3. By Act III of 1907, which contains the law applicable to the facts of the case, it is provided, Section 16, Sub-section 4, as follows :- “All such property as may be acquired by or devolve on the insolvent after the date of an order of adjudication and before his discharge shall forthwith vest in the Court or Receiver and become divisible among the creditors in accordance with the provisions of Sub-section 2, Clause (a).” This provision is perfectly clear. The moment the inheritance devolved on the insolvent Amulya, who was still undischarged, it vested in the receiver already appointed, and he alone was entitled to deal with the equity of redemption. The alternative in the section applicable to vesting in the Court was no doubt inserted to provide for the case of a receiver not being appointed at the same time as the adjudication of insolvency was made and to foreclose an argument that vesting was suspended until the actual appointment of a receiver. The difficulty suggested by Ghose J. is thus entirely unsubstantial. The Court only acts through a receiver, and any estate acquired by or devolving on an insolvent is vested in him as from the date of acquisition or devolution whatever the date of the receiver’s actual appointment.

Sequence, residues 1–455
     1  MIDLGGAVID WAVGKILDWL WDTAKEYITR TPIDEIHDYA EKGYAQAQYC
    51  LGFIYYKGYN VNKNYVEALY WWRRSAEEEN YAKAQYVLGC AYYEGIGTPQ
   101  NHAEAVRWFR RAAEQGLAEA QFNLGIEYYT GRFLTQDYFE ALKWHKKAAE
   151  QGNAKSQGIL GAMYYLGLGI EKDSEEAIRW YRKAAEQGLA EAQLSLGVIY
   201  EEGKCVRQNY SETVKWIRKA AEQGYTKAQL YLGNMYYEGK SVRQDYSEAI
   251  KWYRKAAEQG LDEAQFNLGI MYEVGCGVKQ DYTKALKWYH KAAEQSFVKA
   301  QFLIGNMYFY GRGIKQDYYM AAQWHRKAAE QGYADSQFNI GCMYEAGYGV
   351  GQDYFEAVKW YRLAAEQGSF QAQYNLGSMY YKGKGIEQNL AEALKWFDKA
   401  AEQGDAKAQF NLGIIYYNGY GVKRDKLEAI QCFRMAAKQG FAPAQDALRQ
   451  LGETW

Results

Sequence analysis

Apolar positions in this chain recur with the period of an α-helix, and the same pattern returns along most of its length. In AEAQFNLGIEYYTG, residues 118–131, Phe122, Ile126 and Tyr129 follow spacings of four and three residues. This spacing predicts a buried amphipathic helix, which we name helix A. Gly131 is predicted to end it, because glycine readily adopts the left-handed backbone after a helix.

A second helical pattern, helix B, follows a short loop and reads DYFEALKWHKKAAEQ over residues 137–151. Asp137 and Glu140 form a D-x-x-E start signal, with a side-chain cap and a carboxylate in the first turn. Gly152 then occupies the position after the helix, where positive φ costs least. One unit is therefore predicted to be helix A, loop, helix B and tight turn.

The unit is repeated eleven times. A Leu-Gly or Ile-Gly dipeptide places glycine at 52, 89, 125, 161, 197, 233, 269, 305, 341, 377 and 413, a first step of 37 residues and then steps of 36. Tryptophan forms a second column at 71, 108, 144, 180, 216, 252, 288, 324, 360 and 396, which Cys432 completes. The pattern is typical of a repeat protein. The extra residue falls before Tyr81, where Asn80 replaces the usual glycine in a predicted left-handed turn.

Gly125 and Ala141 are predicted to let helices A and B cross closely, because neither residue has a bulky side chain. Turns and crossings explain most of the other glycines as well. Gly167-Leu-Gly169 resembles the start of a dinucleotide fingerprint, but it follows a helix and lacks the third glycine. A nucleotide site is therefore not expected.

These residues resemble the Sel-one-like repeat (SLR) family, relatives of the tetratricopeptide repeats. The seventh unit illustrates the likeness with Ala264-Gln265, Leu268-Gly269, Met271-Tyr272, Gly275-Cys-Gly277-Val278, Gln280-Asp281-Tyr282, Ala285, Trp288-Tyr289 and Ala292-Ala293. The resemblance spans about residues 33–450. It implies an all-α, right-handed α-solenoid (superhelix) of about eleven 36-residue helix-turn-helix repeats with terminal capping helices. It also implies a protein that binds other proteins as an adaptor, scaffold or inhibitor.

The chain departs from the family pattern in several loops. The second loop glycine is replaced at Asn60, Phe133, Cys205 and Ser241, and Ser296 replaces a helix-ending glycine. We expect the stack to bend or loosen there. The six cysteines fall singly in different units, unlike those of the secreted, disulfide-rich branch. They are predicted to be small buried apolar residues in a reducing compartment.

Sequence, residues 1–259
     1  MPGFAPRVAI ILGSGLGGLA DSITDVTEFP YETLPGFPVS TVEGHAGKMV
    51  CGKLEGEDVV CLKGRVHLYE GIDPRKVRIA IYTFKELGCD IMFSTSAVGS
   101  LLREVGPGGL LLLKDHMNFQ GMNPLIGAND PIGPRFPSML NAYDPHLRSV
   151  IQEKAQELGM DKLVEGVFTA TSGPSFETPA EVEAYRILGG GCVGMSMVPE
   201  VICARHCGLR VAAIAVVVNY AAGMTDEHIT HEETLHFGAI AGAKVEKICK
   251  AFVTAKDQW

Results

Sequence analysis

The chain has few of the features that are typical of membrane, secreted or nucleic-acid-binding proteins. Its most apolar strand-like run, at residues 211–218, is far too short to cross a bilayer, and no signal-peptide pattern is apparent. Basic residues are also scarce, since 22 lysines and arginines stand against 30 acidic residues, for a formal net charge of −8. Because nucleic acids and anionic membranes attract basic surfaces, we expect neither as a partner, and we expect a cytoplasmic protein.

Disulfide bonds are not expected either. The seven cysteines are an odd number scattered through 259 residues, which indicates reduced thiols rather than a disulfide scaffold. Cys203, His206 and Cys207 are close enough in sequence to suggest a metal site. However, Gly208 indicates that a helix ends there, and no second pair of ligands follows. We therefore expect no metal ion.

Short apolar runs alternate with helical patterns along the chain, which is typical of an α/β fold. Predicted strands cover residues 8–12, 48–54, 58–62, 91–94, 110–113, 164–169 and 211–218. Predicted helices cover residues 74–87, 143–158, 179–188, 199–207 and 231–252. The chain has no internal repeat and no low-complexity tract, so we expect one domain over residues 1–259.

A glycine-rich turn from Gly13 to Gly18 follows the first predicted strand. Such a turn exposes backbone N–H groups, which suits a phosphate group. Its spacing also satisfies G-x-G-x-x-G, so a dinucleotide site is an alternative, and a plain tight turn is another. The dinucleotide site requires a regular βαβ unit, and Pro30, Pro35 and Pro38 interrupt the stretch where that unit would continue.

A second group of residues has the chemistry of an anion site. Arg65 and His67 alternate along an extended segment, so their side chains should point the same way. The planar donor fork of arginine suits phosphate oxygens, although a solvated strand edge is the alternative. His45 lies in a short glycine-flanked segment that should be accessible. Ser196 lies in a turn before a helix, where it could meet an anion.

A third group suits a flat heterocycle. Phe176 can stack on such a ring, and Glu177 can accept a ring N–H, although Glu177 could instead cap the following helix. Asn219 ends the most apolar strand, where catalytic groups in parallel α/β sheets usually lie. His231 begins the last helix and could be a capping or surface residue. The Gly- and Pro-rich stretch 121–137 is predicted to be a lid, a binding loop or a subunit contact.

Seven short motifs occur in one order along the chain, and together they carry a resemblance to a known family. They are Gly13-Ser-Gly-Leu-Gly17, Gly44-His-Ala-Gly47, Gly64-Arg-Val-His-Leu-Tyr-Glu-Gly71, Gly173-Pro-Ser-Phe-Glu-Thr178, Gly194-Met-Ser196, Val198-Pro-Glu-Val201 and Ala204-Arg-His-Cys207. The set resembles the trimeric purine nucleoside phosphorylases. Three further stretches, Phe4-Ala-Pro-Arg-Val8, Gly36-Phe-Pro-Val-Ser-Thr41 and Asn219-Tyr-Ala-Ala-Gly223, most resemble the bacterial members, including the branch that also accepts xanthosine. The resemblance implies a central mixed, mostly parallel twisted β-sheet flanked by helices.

4. The mortgagor was of course a necessary party to the suit for foreclosure, Civil Procedure Code, Order XXXIV, Rule 1, and, as on his death his interest devolved on the receiver in the insolvency of Amulya Krishna Bose, the plaintiffs became entitled to continue the suit by leave of the Court against the receiver, Order XXII, Rule 10. Instead of adopting this procedure, they chose to transact with the insolvent exactly on the same footing as if he were still undivested, and obtained from him a ratification of the deed of compromise. Proceeding on this, as the interest stipulated had not been paid, they obtained a preliminary decree against him on March 15, 1916, and notwithstanding the subsequent intervention of the receiver, to which reference is subsequently made in detail, a final decree was pronounced on August 31 by which Amulya was debarred from all right to redeem the mortgaged property.